Presidential Proclamation--Law Day, U.S.A.
At the core of our Nation's values is our faith in the ideals of equality and justice under law. It is a belief embedded in our most cherished documents, and honored by President Eisenhower when he established Law Day in 1958 as "a day of national dedication to the principles of government under law." Each Law Day, we uphold our commitment to the rule of law and celebrate its protection of the freedoms we enjoy.
This year, we pay tribute to one of America's Founders and our second President, John Adams. As a young attorney in colonial Massachusetts, John Adams was asked to represent a British officer and eight British soldiers charged with firing into a crowd and killing five men in the Boston Massacre. In the face of mass public outcry and at great personal risk, he accepted the case and showed the world that America is a nation of laws and that a fair trial is the right of all people.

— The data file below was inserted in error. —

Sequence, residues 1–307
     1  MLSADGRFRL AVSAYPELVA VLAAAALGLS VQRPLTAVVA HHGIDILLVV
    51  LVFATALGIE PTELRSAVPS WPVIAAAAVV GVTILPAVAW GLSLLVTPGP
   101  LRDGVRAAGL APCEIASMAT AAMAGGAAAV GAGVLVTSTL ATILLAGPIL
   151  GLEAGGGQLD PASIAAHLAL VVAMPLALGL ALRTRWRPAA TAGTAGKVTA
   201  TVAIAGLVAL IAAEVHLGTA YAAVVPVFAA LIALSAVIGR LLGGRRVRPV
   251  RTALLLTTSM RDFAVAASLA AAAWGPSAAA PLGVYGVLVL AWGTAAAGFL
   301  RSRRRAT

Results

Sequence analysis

President Adams' legacy of dedication to fairness and the rights of the accused has been carried forward by members of the legal profession for more than two centuries. It is championed by those who represent the accused and exemplified by women and men who are devoted to securing equal rights for all, both in America and around the world.
On this Law Day, I encourage all Americans to celebrate and reflect upon the example left to us by President John Adams and our centuries of adherence to the rule of law. In so doing, we help ensure future generations will inherit and promote the ideals that help move our Nation forward.
NOW, THEREFORE, I, BARACK OBAMA, President of the United States of America, in accordance with Public Law 87 20, as amended, do hereby proclaim May 1, 2011, as Law Day, U.S.A. I call upon all Americans to acknowledge the importance of our Nation's legal and judicial systems with appropriate ceremonies and activities, and to display the flag of the United States in support of this national observance.
IN WITNESS WHEREOF, I have hereunto set my hand this twenty-ninth day of April, in the year of our Lord two thousand eleven, and of the Independence of the United States of America the two hundred and thirty-fifth.